A TV ad that attacks Michael Nutter's "stop, question and frisk" proposal was condemned yesterday as "blatantly racial" by the watchdog group Committee of Seventy.
A political committee called the One Step Closer PAC financed the ad. Shawn Fordham - the manager of Mayor Street's 2003 re-election campaign - serves as a paid political consultant to the group.
The ad slams mayoral candidate Nutter for proposing that Philadelphia police be authorized to "stop, question and frisk" people they suspect may be carrying illegal guns.
Fordham has denied that the ad is racial.
Mayor Street himself made fundraising calls to help the group, the mayor's office said yesterday, confirming a report in the Philadelphia Inquirer. But Fordham said that, so far, none of the people contacted by the mayor had donated any money.
Also yesterday, Frank Keel - spokesman for Local 98 of the electricians union - revealed that he had made a negative radio ad about Nutter on behalf of the union's political-action committee, Philadelphia Phuture. Keel said the group was trying to buy $15,000 worth of airtime on KYW radio.
Local 98 plans to support Tom Knox on Election Day.
As the negative ads continued trickling out, the candidates plugged along the trail yesterday. U.S. Rep. Bob Brady picked up another endorsement - from the Tavern Owners Association. U.S. Rep. Chaka Fattah, state Rep. Dwight Evans and Knox attended a rally for after-school programs. And front-runner Nutter held a get-out-the-vote rally.
After his rally, Nutter dodged questions about One Step Closer and Street.
"I'm looking forward to seeing my ads on TV, I don't have time to worry about what other ads are on TV," he said. "I'm focused on this campaign, and what people in this room and all over Philadelphia care about, which is crime, public safety, jobs, educating our kids."
Zack Stalberg, Seventy's chief executive, criticized One Step Closer's ad for footage that equated Nutter's proposal with confrontations in the 1960s between police and civil-rights activists.
After several television stations refused to air the original ad, the copy was changed to delete a claim that Nutter wanted to "suspend constitutional rights" in high-crime neighborhoods. By yesterday 6ABC, NBC 10, CBS 3 and FOX29 had accepted the ad.
"Using racially based 'no-holds-barred' tactics for political advantage have no place in any campaign," Stalberg said.
The chairman of the One Step Closer PAC, Harold Wright, responded by saying he was just trying to discuss public policy.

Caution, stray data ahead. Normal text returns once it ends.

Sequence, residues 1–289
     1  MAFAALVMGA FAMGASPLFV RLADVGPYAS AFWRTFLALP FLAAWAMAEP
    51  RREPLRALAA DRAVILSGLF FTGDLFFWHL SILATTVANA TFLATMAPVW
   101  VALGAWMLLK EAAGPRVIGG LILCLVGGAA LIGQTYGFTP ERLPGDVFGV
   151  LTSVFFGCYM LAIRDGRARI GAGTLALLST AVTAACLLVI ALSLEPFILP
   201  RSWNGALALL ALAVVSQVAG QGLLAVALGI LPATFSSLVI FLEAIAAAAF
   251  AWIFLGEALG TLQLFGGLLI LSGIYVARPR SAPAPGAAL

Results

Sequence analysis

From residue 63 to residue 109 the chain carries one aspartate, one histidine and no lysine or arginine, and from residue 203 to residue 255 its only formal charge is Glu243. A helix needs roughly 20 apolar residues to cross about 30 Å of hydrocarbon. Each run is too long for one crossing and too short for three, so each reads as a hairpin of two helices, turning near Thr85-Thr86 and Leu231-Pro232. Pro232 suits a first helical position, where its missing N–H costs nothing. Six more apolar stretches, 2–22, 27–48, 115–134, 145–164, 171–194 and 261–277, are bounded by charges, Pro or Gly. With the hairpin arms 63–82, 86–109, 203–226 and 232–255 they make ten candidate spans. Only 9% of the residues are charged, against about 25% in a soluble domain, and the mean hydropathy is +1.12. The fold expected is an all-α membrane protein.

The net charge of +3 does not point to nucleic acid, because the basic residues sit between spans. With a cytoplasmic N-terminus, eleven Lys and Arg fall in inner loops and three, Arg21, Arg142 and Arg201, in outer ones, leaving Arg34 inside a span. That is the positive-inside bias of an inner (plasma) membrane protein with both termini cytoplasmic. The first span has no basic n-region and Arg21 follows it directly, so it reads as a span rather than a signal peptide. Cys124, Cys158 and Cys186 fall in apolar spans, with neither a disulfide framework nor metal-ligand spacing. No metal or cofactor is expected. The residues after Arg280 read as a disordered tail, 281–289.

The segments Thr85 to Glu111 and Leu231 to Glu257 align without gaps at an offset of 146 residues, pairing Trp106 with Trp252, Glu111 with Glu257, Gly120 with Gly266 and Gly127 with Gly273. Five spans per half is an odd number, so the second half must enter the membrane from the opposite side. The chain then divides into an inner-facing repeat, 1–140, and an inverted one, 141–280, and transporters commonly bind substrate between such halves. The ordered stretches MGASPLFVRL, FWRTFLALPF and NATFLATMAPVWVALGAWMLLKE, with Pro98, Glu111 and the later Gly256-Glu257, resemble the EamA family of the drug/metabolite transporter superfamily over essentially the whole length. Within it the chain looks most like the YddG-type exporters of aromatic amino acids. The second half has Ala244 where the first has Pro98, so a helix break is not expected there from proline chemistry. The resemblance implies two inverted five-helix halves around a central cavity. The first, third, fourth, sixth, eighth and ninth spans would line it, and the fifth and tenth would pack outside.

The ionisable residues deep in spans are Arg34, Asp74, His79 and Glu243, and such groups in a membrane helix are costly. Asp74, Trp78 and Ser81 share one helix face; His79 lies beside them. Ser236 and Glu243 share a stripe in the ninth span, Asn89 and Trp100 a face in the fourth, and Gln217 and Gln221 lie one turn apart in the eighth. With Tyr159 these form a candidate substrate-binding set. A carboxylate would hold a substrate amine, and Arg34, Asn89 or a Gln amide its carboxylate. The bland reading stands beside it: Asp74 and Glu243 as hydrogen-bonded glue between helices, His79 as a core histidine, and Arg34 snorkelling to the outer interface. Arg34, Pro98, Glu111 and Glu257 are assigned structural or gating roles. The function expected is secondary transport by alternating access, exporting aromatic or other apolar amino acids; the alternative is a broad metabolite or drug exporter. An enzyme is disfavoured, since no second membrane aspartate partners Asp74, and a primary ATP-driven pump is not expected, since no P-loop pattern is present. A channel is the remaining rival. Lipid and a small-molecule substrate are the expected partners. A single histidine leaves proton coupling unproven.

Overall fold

Wright and Fordham held a news conference yesterday but refused to say how much money they had raised or who had contributed to put the ads on TV.
Fordham said that he had asked the mayor to make an unspecified number of calls to potential donors and that the mayor had agreed.
Joe Grace, the mayor's spokesman, said he didn't know whether the mayor had seen the ad before making the calls.
The mayor was confronted by reporters yesterday about the negative ads but declined to answer questions.
Independent committees like One Step Closer are not covered by the contribution limits that apply to mayoral candidates. They are permitted to receive unlimited amounts from individuals or other political committees.
Debate over "stop, question and frisk" police tactics continued among the candidates yesterday. Nutter issued his crime plan in January, but the attacks on the proposal have heightened with his rise in the polls.
Fattah, who has repeatedly criticized Nutter's plan, was questioned about his position on the issue on NBC 10 last night. Reporter Vince DeMentri asked:
"You don't have a problem, say, with police going down the street; they see a man with a bulge at his waist; they see someone acting suspiciously, then pulling him over, questioning him and frisking him. You don't have a problem with that?"
Fattah responded: "Searches when you have reasonable suspicion are allowed under the law. What you need is a trained police officer to be able to document that they have a reasonable suspicion to search you or I."
Nutter's crime plan would train police officers to stop and frisk appropriately. Nutter cited a 1968 Supreme Court ruling that police have the ability to stop and frisk someone if they have a reasonable suspicion that a crime has happened or will happen and the person is armed and dangerous.
The Committee of Seventy yesterday also criticized Knox for breaking an April 30 pledge that he would contribute no additional money to his campaign beyond the $8 million he had donated at that point.
The Daily News reported yesterday that Knox had donated another $1.25 million this week. And as the Committee of Seventy was preparing its news release yesterday, the Knox campaign reported he had donated another $500,000, pushing his total campaign tab to $9.75 million.
"Although Mr. Knox is legally permitted to spend as much of his own money as he wants, it is deplorable that he would publicly declare a halt to his so-far-uncapped spending, and to break that promise just days later," Stalberg said.